In a perfect world, a school schedule is built around the lofty ideals of a school’s mission, values, and pedagogy. If you’ve ever built a schedule, however, you know you’re working with a lot of rooted obstacles, like classroom space, lunch, part-time and crossover teachers. At One Schoolhouse, we’ve learned that many schools use supplemental online learning as a practical solution to address these challenges. At others, however, online learning is deeply connected to and in service of the school's values and strategic goals--just like the schedule should be.
If you're building a new schedule, there are ways that online learning can both reinforce what you value, and help you create options that work within your campus's constraints. Here are three ways we've seen supplemental online learning further the values that a school's schedule prioritizes.
A traditional schedule provides a clear and consistent pattern for learning.this benefits students by creating structure and order in their day. We understand the importance of consistency, especially in reducing students’ cognitive load. That’s why One Schoolhouse designed course templates in our LMS and created a learning cadence used in every week’s work. When wayfinding and expectations are clear and consistent, students get to focus their attention on learning and inquiry–which is exactly where we want it.
A rotating schedule prioritizes flexibility and balances student workload across the week. Those priorities are key in our course design, too. Every One Schoolhouse course releases a week’s worth of assignments at once, helping students to plan their week and balance their online coursework with their other classes and commitments. One of our school-wide competencies is to build academic maturity in our students. We view our course design as one way to encourage and support this goal. With each course release, students are able to understand the scope of their work for the week so they can plan out how best to complete it.
Block scheduling values in-depth learning that allows students to understand complex concepts and engage deeply in project work and research. To build engagement, our courses use pathway choice. This means that teachers offer the same content in multiple formats so students have agency in the learning process. For example, when students learn about Bacon’s Rebellion in U.S. History, they might have the choice of reading a chapter from a textbook, reading an academic article, or watching a section of a documentary. Each option covers the same content, and prepares the student for that week’s assignments or assessments.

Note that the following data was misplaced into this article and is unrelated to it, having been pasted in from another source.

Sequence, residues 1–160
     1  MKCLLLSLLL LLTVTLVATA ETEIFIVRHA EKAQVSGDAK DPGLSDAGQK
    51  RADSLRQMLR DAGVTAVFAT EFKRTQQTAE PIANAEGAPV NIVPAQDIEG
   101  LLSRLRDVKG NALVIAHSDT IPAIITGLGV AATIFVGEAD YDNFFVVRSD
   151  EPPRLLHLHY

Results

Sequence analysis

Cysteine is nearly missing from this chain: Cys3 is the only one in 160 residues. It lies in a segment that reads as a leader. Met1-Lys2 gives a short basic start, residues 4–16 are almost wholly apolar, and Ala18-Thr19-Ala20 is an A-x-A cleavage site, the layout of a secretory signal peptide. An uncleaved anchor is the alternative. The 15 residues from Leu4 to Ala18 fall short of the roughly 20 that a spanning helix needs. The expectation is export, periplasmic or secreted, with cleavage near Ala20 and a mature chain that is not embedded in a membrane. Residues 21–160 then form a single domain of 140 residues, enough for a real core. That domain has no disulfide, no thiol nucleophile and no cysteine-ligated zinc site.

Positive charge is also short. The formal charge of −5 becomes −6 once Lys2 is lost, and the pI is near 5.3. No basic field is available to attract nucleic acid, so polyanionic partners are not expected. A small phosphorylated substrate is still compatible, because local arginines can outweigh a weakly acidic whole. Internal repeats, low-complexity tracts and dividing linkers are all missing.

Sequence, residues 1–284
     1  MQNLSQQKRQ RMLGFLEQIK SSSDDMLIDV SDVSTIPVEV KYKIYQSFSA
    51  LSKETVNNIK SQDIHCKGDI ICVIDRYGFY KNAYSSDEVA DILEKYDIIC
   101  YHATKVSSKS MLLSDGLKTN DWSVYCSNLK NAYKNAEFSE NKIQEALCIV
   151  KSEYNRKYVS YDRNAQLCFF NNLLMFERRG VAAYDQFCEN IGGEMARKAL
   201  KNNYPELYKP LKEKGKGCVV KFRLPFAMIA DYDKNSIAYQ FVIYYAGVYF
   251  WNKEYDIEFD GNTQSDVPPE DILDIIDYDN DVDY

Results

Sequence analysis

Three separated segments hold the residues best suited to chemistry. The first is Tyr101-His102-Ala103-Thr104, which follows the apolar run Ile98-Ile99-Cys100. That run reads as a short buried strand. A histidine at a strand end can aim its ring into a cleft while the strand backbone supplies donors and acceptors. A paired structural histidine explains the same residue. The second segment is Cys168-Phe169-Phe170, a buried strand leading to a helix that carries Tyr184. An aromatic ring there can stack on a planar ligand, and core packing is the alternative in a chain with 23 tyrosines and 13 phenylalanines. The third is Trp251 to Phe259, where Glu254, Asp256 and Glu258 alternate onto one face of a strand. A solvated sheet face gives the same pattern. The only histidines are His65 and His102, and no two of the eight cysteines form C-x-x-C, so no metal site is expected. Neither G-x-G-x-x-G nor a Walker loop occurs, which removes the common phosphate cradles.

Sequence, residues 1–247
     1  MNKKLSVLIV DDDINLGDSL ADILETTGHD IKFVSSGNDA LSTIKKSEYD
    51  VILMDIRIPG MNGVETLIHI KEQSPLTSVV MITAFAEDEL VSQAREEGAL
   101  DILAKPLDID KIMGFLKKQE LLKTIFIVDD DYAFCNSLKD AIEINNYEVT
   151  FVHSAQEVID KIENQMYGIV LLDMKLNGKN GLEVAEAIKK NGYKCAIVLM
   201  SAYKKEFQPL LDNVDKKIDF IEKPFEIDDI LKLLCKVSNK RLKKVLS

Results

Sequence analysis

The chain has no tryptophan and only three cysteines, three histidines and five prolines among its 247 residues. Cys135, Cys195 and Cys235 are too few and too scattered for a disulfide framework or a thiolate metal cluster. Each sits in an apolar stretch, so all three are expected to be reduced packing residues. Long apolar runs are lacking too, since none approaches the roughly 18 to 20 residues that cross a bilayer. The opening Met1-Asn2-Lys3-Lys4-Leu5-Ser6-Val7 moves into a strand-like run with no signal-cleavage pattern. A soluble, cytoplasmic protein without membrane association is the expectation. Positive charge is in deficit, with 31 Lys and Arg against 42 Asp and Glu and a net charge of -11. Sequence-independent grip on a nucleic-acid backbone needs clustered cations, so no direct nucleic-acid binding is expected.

So if you're considering moving to a new scheduling strategy, think of online learning as a tool that can reflect and reinforce your mission-aligned priorities. At One Schoolhouse, we believe in focusing not just on how online courses align with your schedule, but more importantly, on how they can enhance your students' learning process. We offer supplemental online courses because they help your school elevate and expand on the values that you’re placing at the heart of your schedule.
At One Schoolhouse, one of our foundational values is “build for belonging”. We believe that the future of education - and of our world - rests in building equitable and inclusive institutions. We seek out diverse voices, listen intently to each other, and build experiences that honor identity. As an expression of that value, we began to acknowledge heritage months and identity recognitions about 18 months ago as a part of our weekly newsletter. The response was immediate and unanimous–our readers told us they appreciated the new features. As we completed the first annual cycle, we took the opportunity to clarify and iterate our practices. Here are our takeaways: